Delving into Dengue, Part 3: Singapore's Efforts

Credit: The Straits Times (Kua Chee Siong,
The final part of this mini-dengue series examines how Singapore fights dengue here on the island. Located directly in the heart of the dengue epidemic, the country has an impressive record of combating the illness. Central to these efforts are sustained publicity campaigns, explicit statistical reporting, and aggressive mosquito control policies to keep the spread of the disease in check.

From pamphlets to bus ads, dengue awareness is everywhere. The National Envirnoment Agency, or NEA, makes this a central focus of their work. This is my personal favorite:

Those mosquitoes never stood a chance, not with the Cleaning Kids in action

The Aedes mosquito, which is responsible for dengue transmission, is not very popular here. Notices are posted in highly visible places when multiple cases are recorded in a particular neighborhood. 

Not shying away from the facts of the disease enable health workers and citizens to work together to combat dengue outbreaks. A simple color-coded system (green-yellow-blue) indicates the extent of dengue penetration in a particular block or neighborhood.

Public health notice in Clementi
The Singapore government does an noteworthy job at informing citizens about dengue cases throughout the island. Public service announcements to "Do the Mozzie Wipeout" are as common as McDonald's ads for their Samurai burger. (Side note - I personally love their Samurai burger, complemented with seaweed shaker french fries.)

Here is another depiction of the five-step mozzie wipeout technique. Pictures like this make regular appearances in the newspaper, the nightly news, community bulletin boards, and many more. These techniques emphasize the need to remove breeding sites for mosquitoes, which tend to be pools of sitting water. Construction sites throughout Singapore are prime areas for mosquito breeding and dengue transmission.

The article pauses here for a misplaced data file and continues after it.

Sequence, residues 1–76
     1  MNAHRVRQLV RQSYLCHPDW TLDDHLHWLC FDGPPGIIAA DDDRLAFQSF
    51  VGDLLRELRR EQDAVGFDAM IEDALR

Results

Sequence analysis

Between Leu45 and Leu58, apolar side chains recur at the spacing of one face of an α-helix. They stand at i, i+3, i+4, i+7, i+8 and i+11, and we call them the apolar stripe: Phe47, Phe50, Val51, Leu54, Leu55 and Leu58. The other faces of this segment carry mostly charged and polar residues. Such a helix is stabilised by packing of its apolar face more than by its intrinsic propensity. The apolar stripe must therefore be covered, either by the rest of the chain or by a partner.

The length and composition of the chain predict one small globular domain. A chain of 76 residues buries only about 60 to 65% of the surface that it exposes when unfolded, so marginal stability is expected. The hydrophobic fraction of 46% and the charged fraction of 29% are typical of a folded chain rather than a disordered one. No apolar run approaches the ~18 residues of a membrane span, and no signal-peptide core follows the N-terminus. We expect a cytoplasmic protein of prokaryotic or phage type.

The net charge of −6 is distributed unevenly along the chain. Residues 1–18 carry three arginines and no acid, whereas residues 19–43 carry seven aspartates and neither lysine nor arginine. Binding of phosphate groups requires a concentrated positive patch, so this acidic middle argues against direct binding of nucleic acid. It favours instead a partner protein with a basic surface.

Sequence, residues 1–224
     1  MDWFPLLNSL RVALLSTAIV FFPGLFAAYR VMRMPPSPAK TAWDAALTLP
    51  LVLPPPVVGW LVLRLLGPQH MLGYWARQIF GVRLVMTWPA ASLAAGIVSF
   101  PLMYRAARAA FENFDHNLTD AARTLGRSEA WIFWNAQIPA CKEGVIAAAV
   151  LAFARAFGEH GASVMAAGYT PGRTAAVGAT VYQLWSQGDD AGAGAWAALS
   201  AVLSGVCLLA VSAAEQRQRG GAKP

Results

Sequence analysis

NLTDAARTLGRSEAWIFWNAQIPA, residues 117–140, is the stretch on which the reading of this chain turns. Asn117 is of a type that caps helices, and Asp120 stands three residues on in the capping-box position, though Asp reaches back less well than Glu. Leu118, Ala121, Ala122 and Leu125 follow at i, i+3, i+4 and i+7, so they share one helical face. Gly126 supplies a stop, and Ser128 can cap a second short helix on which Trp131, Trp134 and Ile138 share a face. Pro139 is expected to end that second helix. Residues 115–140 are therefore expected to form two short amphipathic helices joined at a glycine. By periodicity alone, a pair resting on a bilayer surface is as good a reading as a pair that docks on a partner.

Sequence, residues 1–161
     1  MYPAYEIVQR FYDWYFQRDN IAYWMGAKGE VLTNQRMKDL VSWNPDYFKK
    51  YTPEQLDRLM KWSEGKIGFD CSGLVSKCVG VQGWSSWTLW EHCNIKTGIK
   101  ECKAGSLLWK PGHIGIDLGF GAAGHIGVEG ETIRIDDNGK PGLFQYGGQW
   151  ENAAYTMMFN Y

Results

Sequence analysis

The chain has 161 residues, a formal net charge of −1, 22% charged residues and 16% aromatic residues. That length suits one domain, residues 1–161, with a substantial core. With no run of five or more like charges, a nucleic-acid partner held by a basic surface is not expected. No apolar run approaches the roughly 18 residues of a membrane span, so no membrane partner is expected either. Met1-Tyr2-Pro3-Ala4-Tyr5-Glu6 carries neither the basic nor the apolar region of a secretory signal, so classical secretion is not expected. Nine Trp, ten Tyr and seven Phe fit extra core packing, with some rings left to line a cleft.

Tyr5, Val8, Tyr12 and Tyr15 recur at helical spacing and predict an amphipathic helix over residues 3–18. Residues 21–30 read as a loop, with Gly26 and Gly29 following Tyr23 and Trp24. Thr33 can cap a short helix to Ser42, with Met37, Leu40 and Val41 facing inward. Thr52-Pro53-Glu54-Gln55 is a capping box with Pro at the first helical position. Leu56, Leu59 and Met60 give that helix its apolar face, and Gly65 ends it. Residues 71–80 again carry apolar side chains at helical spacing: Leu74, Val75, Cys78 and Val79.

Statistics are another key to their efforts. Here is a graph showing the incidence of dengue, as compared to previous years. This is updated each week, and incredible easy to access on the official government website:

The clear reporting of health statistics and responsive action to outbreaks is quite impressive. Such transparency and advocacy made a strong impression on me, as I presumed that they might shy away from broadcasting the prevalence of dengue fever.

As stated above, Singapore provide a bevy of handy information on official government websites. From explanations of sanitary techniques to in-depth statistics regarding dengue cases, they do a remarkable job of giving the average citizen sufficient information to stay informed about the latest dengue developments.

For instance, check out this really cool, really useful interactive map of current dengue outbreaks throughout the island. Credit:  Dengue Cluster Information (credit:
Dengue Cluster Information @ NEA 2013 Click here for more NEA information in OneMap

The website is worth certainly worth a look, with constant updates and live tracking of new cases.

Besides all of this information gathering and distribution, the health department also conducts frequent sweeps of neighborhoods and HDBs to . 850 officers in the department work full-time on dengue inspection. Pre-emptive Intensive Source Reduction Exercises (ISREs) are carried out during the summer months to wipe out mosquito breeding habitats. Normally, one might smirk at the use of terminology such as "search-and-destroy operations" when referring to mosquitoes, but the NEA takes dengue quite seriously (as they should).

Singapore's dengue campaign is impressive on a number of levels. Other countries would do well to implement many of the measures that Singapore currently employs. The combine community outreach, transparent reporting, and decisive action achieve the best results.

As both a scientist involved in dengue, and an individual living in a region that has historically had high dengue incidence, I am thoroughly impressed with Singapore's efforts to find a solution to the disease.